>The Barents and Bering Seas


It seems that each time I see an SST anomaly map there’s a hot spot north of Scandinavia in the Barents Sea. Refer to Figure 1.

Figure 1

Figure 2 illustrates the Barents Sea SST anomalies from January 1854 to May 2008, smoothed with an 85-month filter. With the possible exception of ENSO, the amplitude and frequency of the SST modulations are greater than any other SST data set I’ve downloaded and graphed so far, especially with what is essentially a 7-year filter. Is the decrease in amplitude before 1930 a function of the smoothing they apply in periods of reduced samples? Or does the increase in amplitude after 1930 result from a reduction in Arctic sea ice?
Figure 2

Figures 3 and 4 show a decrease in summer, spring, and annual Arctic ice extent since the 1950s. For the winter and autumn sea ice extent, the declines began in the 1970s and 80s. (For those concerned about the “hockey stick” appearance of these graphs, sea ice extent is limited my North Atlantic and North Pacific Ocean currents. These graphs do not illustrate ice thickness.) Assuming that some of the sea ice loss was in and around the Barents Sea, would less sea ice there have allowed larger variations in SSTs?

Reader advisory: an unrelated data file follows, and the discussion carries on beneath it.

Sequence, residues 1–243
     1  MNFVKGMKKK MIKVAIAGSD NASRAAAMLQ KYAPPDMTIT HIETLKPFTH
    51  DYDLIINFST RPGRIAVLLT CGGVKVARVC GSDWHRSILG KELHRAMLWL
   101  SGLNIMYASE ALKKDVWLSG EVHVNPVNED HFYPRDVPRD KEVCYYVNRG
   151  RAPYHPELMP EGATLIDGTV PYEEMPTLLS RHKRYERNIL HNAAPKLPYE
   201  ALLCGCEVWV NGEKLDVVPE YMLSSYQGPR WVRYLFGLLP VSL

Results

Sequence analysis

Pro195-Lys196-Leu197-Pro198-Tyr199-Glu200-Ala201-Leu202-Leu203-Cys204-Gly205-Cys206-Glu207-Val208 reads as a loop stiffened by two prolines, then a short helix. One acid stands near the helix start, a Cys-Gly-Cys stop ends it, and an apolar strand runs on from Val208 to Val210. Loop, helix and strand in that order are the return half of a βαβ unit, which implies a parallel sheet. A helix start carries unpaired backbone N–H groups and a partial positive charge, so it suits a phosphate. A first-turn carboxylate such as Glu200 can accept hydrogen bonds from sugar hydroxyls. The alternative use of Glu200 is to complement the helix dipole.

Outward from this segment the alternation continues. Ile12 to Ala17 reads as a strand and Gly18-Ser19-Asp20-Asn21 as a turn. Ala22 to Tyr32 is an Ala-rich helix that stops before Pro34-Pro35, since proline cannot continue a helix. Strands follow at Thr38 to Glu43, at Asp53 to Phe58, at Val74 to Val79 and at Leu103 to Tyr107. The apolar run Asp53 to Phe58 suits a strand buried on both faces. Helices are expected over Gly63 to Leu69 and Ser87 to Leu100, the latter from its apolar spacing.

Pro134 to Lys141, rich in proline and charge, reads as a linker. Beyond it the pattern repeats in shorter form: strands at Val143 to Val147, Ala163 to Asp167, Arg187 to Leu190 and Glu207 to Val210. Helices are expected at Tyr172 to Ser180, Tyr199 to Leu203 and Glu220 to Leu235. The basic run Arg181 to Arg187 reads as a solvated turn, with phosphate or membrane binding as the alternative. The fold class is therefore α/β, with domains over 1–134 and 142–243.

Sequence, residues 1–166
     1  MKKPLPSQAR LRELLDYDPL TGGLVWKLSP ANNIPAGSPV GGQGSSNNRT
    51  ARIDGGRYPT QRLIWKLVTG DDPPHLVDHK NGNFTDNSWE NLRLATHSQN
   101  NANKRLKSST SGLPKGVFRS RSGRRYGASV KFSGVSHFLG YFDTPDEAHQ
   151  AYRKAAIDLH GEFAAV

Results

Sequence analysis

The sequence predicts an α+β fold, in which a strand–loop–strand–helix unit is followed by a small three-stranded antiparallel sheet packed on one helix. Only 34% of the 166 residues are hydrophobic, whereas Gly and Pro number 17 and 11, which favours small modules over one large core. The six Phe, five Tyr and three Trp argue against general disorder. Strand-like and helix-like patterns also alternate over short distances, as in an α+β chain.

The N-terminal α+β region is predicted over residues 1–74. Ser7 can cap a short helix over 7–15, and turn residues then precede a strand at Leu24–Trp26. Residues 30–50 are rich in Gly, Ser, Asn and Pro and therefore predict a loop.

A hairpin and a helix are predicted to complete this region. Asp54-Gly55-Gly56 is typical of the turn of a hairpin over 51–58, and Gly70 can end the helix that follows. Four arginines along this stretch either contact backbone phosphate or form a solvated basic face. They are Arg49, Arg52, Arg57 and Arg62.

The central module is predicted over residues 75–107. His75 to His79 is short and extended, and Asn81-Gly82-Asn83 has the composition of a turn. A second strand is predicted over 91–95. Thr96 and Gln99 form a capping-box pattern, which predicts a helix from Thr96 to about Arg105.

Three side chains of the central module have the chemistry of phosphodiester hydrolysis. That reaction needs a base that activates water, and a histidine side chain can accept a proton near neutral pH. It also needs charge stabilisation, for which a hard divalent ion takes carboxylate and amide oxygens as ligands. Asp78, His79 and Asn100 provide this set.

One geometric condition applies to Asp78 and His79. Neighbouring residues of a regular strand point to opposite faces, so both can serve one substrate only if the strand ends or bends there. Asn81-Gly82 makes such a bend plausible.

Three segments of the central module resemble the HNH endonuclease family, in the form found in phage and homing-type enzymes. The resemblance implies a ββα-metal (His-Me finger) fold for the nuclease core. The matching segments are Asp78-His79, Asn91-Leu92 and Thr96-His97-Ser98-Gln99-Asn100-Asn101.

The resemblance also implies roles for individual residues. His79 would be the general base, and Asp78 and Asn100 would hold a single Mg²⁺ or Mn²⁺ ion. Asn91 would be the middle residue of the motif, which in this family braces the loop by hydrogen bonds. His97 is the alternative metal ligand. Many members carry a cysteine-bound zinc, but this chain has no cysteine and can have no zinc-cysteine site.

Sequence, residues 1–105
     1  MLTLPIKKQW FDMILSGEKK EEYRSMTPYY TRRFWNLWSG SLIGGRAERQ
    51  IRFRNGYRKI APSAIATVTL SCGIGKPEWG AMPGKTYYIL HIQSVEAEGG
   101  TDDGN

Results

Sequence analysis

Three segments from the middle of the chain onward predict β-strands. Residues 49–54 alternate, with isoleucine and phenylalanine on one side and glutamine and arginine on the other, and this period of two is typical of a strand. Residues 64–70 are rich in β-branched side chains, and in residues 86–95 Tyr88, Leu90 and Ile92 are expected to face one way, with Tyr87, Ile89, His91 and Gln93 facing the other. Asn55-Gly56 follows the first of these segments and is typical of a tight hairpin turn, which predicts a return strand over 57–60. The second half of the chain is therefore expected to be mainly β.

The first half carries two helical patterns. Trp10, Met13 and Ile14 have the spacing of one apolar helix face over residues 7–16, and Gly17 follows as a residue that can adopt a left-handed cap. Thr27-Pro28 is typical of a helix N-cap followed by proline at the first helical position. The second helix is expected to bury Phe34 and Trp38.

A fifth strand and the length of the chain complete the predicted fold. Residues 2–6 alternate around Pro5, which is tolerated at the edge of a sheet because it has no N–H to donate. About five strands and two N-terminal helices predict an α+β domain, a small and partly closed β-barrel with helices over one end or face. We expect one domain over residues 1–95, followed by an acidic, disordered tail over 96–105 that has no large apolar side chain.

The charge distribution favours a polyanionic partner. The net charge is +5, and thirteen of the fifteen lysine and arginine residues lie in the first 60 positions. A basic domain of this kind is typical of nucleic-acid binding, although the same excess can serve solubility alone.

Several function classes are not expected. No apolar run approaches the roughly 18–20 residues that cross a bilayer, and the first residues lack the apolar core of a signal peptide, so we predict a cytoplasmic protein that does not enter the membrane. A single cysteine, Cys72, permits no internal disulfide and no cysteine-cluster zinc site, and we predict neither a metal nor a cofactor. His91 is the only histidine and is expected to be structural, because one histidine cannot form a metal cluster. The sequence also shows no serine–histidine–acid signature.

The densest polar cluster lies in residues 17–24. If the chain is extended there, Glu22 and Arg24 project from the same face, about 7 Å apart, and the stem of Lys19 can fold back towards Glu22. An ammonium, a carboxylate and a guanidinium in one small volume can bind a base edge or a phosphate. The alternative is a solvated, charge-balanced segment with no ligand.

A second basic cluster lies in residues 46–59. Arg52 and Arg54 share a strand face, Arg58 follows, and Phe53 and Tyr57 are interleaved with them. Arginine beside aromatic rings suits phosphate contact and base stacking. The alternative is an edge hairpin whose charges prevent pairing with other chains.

Figure 3

Figure 4

Is this confirmed by the fact that in recent years, the Arctic Oscillation (AO) appears to have had more of an impact? Refer to Figures 5 and 6. Like the Barents Sea SST anomalies, the AO has changed its amplitude after 1950 as well. And it appears as though, as time progresses, Barents Sea SST responds more to a change in the AO. Is this also a function of continued sea ice loss, or did other influences, such as ENSO and the AMO, cause the difference? (I will not be comparing ENSO and AMO in this post.)
Figure 5

Figure 6


On the Pacific Ocean side of the Bering Strait lies the Bering Sea. Figure 7 illustrates its SST anomalies smoothed with an 85-month filter. The amplitude of the oscillation is remarkable.
Figure 7

As shown in Figure 8, the Bering Sea SST anomalies follow the general trends of the North Pacific.
Figure 8

But they also contain a varying portion of ENSO. Refer to Figure 9.
Figure 9


AMO Data (1899 to 2002)

AMO (1950 to 2007)


Data is Smith and Reynolds Extended Reconstructed SST (ERSST.v2) available through the NOAA National Operational Model Archive & Distribution System (NOMADS).

About Bob Tisdale

Research interest: the long-term aftereffects of El Niño and La Nina events on global sea surface temperature and ocean heat content. Author of the ebook Who Turned on the Heat? and regular contributor at WattsUpWithThat.
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